Iberia Maintenance Contributes To IAG Recovery

Some of Iberia Maintenance’s work over the first six months of the year included returning stored Airbus A320-family aircraft to service.
Credit: Iberia Maintenance

Iberia’s third-party maintenance business has contributed to a huge jump in IAG Group’s non-core revenues, which rose to €904 million ($916 million) for the first six months of the year—triple the prior-year result and also higher than the equivalent pre-pandemic figure.  

The group’s passenger and cargo sales in the first half were roughly €8.4 billion, more than four times higher year on year.

And while the group stayed in the red on a six-month basis, recovery was evident in its €133 million profit for the April-June quarter, following a €981 million loss in the same period last year.

Some of Iberia Maintenance’s work over the period including returning stored Airbus A320-family aircraft to service.

This work included normal return-to-service tasks such as cover removals, systems tests and brake checks, but also heavy maintenance work for aircraft that had reached the necessary interval and for some at end of lease.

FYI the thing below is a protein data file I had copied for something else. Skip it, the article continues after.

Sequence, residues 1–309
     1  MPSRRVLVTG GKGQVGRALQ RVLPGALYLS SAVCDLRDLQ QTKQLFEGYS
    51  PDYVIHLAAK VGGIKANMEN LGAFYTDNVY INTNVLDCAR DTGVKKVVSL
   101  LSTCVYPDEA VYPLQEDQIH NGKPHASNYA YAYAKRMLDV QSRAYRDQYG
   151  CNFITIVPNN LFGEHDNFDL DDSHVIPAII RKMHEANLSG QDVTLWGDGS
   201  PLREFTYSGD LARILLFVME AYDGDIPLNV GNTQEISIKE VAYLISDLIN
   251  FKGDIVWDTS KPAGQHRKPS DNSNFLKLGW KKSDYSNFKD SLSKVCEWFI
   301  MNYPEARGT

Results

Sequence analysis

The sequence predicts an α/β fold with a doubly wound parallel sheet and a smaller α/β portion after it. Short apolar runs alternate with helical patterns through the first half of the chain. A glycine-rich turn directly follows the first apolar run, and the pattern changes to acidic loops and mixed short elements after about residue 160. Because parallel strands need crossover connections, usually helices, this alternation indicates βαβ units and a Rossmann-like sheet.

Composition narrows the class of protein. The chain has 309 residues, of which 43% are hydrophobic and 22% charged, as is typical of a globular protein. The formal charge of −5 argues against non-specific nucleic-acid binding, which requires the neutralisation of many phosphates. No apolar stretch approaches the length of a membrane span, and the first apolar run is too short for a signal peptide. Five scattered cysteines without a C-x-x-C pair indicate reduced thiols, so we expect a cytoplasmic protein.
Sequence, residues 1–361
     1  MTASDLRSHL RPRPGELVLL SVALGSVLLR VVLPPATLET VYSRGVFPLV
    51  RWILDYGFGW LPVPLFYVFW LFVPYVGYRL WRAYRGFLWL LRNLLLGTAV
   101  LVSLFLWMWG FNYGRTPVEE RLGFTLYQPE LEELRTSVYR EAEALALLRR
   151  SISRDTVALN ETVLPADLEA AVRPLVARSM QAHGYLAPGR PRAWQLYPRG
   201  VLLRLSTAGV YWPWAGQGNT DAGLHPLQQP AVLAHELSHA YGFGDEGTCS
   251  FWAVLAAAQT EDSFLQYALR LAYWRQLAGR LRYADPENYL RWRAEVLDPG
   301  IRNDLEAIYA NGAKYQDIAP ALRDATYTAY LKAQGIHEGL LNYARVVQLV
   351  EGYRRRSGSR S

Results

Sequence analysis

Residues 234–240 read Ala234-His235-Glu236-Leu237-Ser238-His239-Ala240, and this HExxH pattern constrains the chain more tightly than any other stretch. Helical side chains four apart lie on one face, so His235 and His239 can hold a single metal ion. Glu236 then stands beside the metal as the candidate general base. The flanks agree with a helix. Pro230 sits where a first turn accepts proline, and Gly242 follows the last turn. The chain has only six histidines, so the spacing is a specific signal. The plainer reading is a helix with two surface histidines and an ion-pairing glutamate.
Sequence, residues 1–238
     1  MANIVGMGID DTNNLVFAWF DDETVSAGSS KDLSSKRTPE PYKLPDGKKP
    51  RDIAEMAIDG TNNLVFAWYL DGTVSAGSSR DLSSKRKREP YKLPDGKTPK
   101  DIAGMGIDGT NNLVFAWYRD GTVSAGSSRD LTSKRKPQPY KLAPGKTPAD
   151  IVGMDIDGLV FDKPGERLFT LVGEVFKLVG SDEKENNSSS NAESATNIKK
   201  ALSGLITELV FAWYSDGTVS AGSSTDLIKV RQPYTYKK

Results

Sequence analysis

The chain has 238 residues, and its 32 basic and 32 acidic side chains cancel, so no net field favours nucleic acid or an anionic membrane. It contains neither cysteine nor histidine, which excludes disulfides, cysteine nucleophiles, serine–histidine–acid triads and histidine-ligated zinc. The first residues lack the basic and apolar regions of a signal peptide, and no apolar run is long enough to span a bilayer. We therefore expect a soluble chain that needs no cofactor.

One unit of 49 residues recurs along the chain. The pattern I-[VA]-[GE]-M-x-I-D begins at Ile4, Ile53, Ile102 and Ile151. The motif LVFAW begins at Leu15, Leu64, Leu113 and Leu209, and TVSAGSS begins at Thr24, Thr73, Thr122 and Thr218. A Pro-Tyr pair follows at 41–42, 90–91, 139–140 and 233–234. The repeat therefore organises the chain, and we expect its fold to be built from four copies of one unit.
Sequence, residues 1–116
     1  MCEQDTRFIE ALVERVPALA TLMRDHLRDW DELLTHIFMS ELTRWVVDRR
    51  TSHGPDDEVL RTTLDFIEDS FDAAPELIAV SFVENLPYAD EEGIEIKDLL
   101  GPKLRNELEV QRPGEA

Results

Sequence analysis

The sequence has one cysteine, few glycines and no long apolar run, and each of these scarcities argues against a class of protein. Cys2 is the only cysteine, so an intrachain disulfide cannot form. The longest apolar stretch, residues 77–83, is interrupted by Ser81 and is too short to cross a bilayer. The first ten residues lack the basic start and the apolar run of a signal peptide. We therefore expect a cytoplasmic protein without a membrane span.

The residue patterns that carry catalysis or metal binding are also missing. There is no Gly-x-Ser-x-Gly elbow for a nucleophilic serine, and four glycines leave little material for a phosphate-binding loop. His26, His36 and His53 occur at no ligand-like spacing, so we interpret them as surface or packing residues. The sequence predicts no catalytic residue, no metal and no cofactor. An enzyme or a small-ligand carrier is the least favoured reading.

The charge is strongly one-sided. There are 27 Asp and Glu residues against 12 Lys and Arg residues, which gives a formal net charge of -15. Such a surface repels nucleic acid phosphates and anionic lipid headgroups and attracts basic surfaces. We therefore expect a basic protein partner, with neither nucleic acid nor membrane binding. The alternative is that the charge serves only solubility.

The Spanish MRO provider said it has returned 38 narrowbodies to service over the past 10 months for its “customer base,” although it did not specify whether this meant IAG airlines or third parties.

IAG’s latest fleet statement shows eight more A320ceos and two more A319ceos in service than at the start of the year. On Jun. 30, it also showed 18 aircraft not in service, down from 29 on Dec. 31, 2021.

In its recent results, IAG noted that “four shorthaul aircraft previously assumed permanently stood down have now been added back to the Group’s fleet plans.”

Between 2025-28 the group plans to replace its current-generation A320-family aircraft with Neo models

IAG recently converted 12 Airbus A320neo options into firm orders for A320neos and A321neos, and placed an order for a further 25 A320neo-family aircraft with the option to purchase 50 additional aircraft.

Alex Derber

Alex Derber, a UK-based aviation journalist, is editor of the Engine Yearbook and a contributor to Aviation Week and Inside MRO.